Cut-high-and-mow-behind system could save cash

Raising the combine cutterbar as high as 36cm (14in) and then using a wide rotary mower to chop stubbles could speed up harvest and cut fuel use.

That’s the conclusion reached by researchers at Dresden University in Germany following a series of trials over the past couple of summers. They were commissioned to do the work by UK manufacturer Spearhead, which has just launched a range of big stubble-mulching mowers with a working width of up to 12.1m (29ft 10in). The term “mulching mower” refers to the fact that each rotor has six pairs of blades. Each of the top blades cuts horizontally, but a second set – angled downwards – also cuts close to the ground.

The result, says the company, is that each straw stem gets chopped several times, giving an average chop length that’s shorter than most combine-mounted choppers could achieve. The lower blades also stir up the top layer of soil, part-burying the straw and starting breakdown of the stems.

Though most farmers would be reluctant to add an extra operation at an already ultra-busy time of the year, Spearhead claims that, overall, the cut-high-and-chop system saves time and money.

For a start, moving from a typical 15cm (6in) combine cutterbar height to a much higher 36cm (14in) means 50% less straw is going through the combine’s threshing and separating mechanism.

Spearhead-3It also means that the combine chopper has only half the straw to deal with. Given that a chopper on a big combine can take 120hp to run (and take 20% of the combine’s available power), it could mean a big potential fuel saving.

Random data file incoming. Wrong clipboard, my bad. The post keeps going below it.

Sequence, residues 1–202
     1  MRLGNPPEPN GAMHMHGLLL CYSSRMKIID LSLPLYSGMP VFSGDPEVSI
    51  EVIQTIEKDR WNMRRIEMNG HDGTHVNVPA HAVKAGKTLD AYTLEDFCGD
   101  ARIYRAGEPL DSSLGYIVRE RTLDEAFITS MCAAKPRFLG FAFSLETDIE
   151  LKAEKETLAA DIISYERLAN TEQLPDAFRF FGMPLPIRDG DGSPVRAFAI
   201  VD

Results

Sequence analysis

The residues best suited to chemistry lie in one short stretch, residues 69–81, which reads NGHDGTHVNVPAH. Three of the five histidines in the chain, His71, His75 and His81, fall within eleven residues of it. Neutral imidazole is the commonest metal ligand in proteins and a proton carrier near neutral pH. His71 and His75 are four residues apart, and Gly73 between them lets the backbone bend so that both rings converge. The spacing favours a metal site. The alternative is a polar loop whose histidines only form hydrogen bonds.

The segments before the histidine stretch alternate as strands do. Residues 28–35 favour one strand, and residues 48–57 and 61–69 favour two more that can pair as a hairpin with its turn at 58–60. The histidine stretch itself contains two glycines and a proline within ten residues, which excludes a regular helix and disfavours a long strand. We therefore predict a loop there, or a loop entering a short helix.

Even more importantly, when the 9m wide combine used by the Dresden University researchers moved from a 15cm cut height to 36cms, they found its forward speed could be pushed up by 34% (from 5.1kph to 7.2kph) and workrate increased by 3.6ha/hr to 5.4ha/hr. At the same time average fuel consumption dropped by 38% (from 18.2 litres/hr to 11.2 litres/hr).

That amounts to a total saving of E36 /ha (£33/ha).

Of course, an extra 200hp tractor, mower and fuel is required. The cost of that, reckon the researchers, would be E10/ha (£9/ha) based on a fuel consumption of 2.5 litres/ha at a workrate of 12ha/hr.

Even more surprisingly, they calculated that the higher workrate of the combine would mean that, even including the mowing operation, harvest would still end slightly earlier than it would otherwise.

So on a 720ha harvest that would normally take 200 hours with an average workrate of 3.4ha/hr, the cut-high-and-mow system would see the combining finish in just 133 hours. Add the 60 hours of mowing required and the total time taken would be 193 hours – seven hours quicker than the conventional system.

Other benefits include the fact that the mulching mower gives a shorter chop length than the combine’s own chopper, meaning that the straw starts to break down more quickly. Also, the mower tends to give a more even distribution of the chopped straw across the full cut width than the combine’s own system. Plus the higher cutting height means much less risk of the cutterbar hitting stones, less chance of the table bulldozing when conditions are wet and less likelihood of pulling in the lower, damper part of the cereal stems.

Some German farmers have apparently made the system even more efficient by towing a cultivator directly behind the mower to chop and produce a stale seedbed at the same time.

The Starcut range goes from a 3m (9ft 10in) model that requires a tractor of just 70hp to a mighty 12.1m (29ft 10in) model with a substantial £70,000 price tag. The design of all models, says Spearhead, is similar to an aircraft wing, with the framework sandwiched inside the upper and lower steel sheets. All hydraulic lines and electric cables have been encased within this steel sandwich, making the mower strong, easy to clean and easy to transport.